To further explore the regulatory patterns of gene expression across maize development, we generated GRNs, which are directed networks of TFs and their target genes (Fig. 4A) (1). Unsupervised GRNs were created using GENIE3, which takes advantage of the random forest machine learning algorithm and was the top-performing method in the DREAM4 and -5 GRN reconstruction challenges (32, 33). Three independent GRNs were generated from the 23 tissues in which we profiled both mRNA and protein. To construct these networks, we varied whether the TFs (termed “regulators”) were quantified as mRNAs (2200 TFs), proteins (545 TFs), or phosphopeptides (441 TFs) and used a common set of 41,021 quantified mRNAs (termed “target genes”) (table S10). We evaluated the GRNs by using published data for two classical maize TFs, the homeobox TF KN1 and the bZIP TF Opaque2 (O2). These TFs were chosen as benchmarks because they have been the subject of high-quality RNA-seq and chromatin immunoprecipitation (ChIP)–seq studies in both wild-type and null mutant backgrounds, and they represent two distinct types of TFs with key developmental roles (24, 34). Target genes are bound by their TF in a ChIP-seq assay, and their mRNA levels change when their TF is knocked out. Using the published direct targets of KN1 and O2, we generated receiver operating characteristic (ROC) and precision-versus-recall curves, which are two methods commonly used to evaluate the power of a predictive model (35). These curves showed that the overall qualities of all three GRNs were similar (fig. S24). However, when we looked at the top 500 scoring GENIE3 predictions for KN1 and O2 in each GRN, we observed a performance advantage for the two protein-based GRNs in accurately predicting target genes (Fig. 4B and fig. S25A). Specifically, the KN1 subnetworks accurately predicted 108 (mRNA), 129 (protein), and 125 (phosphopeptide) targets, with the O2 subnetworks performing similarly. Additionally, 44% (KN1) and 31% (O2) of all correctly predicted targets were specific to a single type of GRN (Fig. 4B and fig. S25A). These results indicated that predictions made by all three GRNs were largely complementary to each other.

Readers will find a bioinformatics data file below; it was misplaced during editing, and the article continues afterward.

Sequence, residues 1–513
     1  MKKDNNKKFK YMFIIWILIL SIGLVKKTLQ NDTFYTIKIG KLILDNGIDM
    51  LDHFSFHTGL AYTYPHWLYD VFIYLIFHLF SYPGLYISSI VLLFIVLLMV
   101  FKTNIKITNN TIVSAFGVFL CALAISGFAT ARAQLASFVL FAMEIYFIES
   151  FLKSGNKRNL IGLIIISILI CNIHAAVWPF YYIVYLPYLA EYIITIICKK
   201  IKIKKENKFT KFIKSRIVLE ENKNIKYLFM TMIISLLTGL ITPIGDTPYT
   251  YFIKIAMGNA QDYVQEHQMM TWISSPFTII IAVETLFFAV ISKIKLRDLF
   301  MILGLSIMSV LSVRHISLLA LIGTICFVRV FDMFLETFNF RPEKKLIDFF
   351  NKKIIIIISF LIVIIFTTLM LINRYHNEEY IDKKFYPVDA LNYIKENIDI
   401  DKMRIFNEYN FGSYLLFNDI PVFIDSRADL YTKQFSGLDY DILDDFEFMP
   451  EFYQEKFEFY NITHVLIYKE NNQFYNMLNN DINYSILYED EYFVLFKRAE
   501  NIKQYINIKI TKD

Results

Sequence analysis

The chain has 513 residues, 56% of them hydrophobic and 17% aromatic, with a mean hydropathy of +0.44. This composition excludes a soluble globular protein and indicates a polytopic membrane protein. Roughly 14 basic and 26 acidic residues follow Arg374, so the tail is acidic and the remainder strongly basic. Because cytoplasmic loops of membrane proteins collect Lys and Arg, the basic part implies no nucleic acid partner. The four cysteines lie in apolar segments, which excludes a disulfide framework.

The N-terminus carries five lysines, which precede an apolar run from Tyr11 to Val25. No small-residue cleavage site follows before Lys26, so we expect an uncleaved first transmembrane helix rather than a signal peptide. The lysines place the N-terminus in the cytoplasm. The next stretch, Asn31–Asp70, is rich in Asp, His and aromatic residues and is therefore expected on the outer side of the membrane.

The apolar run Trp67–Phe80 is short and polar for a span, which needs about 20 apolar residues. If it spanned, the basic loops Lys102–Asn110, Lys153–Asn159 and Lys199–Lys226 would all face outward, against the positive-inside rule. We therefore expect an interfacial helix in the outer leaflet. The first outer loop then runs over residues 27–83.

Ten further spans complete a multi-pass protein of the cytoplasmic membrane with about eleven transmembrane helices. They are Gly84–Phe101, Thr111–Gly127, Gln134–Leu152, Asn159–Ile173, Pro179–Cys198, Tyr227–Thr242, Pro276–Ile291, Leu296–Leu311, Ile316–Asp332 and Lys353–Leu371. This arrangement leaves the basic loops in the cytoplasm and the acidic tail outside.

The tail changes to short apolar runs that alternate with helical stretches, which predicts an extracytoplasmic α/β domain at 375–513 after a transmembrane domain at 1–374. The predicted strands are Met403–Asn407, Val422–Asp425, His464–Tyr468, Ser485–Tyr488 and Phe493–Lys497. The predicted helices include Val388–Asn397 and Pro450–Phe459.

Fig. 4 Unsupervised GRN analyses.